It is thus an object of the present invention to provide an improved process for passivating the surface of a material.
It is a further ob;ect of the present invention to employ a gaseous plasma consisting of atomic, neutral nitrogen to passivate the surface of a material where the treated surface is 2~0 then free from further oxide buildup.
It is an even further object of the present invention to provide an improved process for fabricating a metal-semi-conductor interface, and particularly where the metal is platinum and the semlconductor is silicon.

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i Further objects and ad~antages of the present invention I will be apparent after reference to the detailed description oE the preferred e~bodiments and the appended drawinys wherein:
!l 'i i BRIEF DESCRIPTION OF TH~ DRAWINGS
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` ~ig. 1 is a cross sectional view of a semiconductor substrate with a nascent oxide layer;
, Fig. 2 is the cross sectional view of Fig. 1 showing ;incomplete removal of the nascent oxide layer;
I~ Fig. 3 is a cross sectional view of a semiconductor ¦'substrate showing results of excessive sputter-etching;
!. Fig. 4 is a schematic flow diagram incorporating ¦Ithe process of the ~esent invention and comparing same with I!PriOrart;
¦ Fig. 5 is a graph showing performance characteristic I'results obtained Erom a device constructed in accordance with principles of the present invention; and, Fig. 6 is a cross sectional view of a semiconductor substrate showing no nascent oxide buildup, after treatment by ' - , the techniques o the present invention.

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- , DF.SCRIPTIOM OF Til., '~ RE~ E~'RODII~E~TS
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Referrjng to Fi~. 1, silicon substrate 101 interfaces with silicon dioxide layer 102 at boundary 104. ~lascent oxide ! layer 103 is shown to be present on the silicon surface and can have a thic~ness of approximately 25 Angstroms. As noted earlier, nascent oxide on the silicon region forms immediately at room temperature and it is this layer which prevents the , formation of good platinum silicide interfaces. _ ¦
i Fig. 2 depicts essentially the same cross section l, as shown in Fig. 1 after treatment to remove nascen~ oxide. ~, 3i In this instance, incomplete removal of nascent oxide yields patchy platinum silicide as shown at junctions 203. Since all j nascent oxide has not been removed, the resu~tant patchy platinumj ~ silicide results in a poor set of ohmic contacts and poor - 15 , Schottky barriers. This is the result of inadequate sputter-' etching. Thus, usually more sputter-etching than less is ' employed to ensure complete removal of the nascent oxide. I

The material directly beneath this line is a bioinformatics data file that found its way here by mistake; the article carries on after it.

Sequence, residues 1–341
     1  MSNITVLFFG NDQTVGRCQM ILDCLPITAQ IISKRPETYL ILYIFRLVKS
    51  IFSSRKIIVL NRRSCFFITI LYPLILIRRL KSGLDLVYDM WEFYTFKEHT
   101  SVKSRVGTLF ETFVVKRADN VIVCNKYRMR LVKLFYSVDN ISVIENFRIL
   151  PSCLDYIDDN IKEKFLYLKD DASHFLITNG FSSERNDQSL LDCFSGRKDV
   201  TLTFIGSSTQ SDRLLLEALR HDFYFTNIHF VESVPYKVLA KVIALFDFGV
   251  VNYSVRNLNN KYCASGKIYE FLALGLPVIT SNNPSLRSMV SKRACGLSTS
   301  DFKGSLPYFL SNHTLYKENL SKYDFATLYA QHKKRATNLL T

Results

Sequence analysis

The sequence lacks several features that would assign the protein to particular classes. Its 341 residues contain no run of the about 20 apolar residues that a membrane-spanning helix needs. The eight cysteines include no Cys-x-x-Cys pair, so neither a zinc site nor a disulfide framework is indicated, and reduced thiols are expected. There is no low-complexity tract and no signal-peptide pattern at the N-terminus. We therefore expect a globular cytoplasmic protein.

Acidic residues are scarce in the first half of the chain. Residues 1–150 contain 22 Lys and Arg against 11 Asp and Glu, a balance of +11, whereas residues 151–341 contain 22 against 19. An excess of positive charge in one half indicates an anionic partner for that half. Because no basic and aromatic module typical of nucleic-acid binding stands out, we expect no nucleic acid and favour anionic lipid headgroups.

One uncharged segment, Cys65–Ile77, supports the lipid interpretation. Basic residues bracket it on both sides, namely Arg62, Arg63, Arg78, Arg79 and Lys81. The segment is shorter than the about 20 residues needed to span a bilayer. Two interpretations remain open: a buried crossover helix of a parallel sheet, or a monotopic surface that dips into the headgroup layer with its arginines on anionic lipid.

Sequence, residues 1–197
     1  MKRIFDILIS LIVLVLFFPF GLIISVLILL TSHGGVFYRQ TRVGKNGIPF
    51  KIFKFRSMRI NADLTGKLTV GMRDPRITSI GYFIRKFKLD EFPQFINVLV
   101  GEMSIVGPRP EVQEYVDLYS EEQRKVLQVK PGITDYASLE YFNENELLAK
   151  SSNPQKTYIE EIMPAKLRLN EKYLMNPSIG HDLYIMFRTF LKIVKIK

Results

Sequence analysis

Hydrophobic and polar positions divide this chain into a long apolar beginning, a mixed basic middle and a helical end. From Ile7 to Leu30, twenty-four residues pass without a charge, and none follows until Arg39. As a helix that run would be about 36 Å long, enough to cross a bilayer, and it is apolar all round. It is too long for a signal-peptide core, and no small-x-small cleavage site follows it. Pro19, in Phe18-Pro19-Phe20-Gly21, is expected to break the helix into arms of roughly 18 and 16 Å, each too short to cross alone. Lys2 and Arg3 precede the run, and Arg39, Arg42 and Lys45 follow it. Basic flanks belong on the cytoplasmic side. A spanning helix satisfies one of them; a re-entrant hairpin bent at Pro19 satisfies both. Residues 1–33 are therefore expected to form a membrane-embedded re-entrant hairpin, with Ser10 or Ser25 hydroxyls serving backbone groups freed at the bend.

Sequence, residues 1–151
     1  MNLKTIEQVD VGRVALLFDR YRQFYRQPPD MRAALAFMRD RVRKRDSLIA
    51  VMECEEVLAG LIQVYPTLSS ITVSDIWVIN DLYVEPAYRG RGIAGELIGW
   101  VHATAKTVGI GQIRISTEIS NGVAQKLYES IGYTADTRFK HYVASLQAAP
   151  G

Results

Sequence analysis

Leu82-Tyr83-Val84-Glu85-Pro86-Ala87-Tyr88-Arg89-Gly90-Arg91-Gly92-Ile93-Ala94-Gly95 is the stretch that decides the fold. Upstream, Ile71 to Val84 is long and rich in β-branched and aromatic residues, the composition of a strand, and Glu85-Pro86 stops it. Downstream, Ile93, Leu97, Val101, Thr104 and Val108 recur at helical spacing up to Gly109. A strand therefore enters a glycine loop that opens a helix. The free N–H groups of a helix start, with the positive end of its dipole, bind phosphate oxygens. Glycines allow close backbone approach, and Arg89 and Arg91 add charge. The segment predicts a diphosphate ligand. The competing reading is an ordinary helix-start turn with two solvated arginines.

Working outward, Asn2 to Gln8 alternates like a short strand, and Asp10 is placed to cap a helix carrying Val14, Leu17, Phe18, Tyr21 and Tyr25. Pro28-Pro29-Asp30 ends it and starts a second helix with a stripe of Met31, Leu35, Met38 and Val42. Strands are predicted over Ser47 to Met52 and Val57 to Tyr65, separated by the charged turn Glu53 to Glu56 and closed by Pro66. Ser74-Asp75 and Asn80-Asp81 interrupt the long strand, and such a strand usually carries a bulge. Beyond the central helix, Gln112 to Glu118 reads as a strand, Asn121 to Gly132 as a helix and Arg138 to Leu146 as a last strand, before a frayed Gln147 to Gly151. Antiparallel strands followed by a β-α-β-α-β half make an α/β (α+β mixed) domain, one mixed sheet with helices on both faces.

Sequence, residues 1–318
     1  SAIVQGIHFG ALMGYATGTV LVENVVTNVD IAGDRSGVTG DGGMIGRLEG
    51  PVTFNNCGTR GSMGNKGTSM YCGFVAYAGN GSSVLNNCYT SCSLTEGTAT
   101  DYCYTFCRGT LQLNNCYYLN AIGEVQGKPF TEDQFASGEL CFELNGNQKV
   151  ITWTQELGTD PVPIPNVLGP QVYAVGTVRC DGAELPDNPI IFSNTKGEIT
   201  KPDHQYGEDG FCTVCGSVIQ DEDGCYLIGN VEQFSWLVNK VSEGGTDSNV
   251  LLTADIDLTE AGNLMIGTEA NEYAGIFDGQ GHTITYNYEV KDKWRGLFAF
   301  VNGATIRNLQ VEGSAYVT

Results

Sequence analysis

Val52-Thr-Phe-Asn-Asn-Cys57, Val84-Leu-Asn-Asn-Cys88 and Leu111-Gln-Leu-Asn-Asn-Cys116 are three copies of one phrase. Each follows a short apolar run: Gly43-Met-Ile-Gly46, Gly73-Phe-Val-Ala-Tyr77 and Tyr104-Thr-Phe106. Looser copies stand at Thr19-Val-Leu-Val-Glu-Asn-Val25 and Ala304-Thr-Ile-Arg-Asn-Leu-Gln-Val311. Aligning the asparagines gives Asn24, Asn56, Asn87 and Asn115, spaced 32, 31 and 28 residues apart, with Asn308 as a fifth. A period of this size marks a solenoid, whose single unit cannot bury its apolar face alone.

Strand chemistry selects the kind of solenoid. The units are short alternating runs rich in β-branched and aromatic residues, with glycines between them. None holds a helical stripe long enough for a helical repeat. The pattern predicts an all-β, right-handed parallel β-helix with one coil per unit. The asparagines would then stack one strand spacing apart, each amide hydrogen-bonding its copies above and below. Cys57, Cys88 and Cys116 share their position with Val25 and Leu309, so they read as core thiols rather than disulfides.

However excess sputter-etching also gives poor results, ' as shown in Fig. 3.
Referring to Fig. 3 substrate 301 essentially corresponds to substrates 201 and 101 of the earlier figures, , and silicon di~xide layeL 302 essentially corresponds to its ; counter part layers 202 and 102 in the other figures. However, j dotted line 303 indicates the outline of what would have been I the silicon dioxide layer, had it not been removed by excess etching under prior art conditions. It can be seen that a substantial amount of silicon dioxide has been removed because of excessive sputter etching, to ensure removal of the nascent , oxide layer. However as noted, this permits other problems . to develop such as low brea~down voltage high leakage and ; shorting problems. I
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By contrast with the above described ~hree f:Lgures~
refer to Fig. 6 wherein it can be seen tha~ silicon substrate 601 ls in contact with silicon dioxide layer 602. The wafer had been subiected to the process of the present invention and thus shows the edge oE a passivated surface 603, free from nascent oxide buildup and ready to accept a layer of platinum or other metal to form a Schottky barrier or an ohmic contact as described here-in.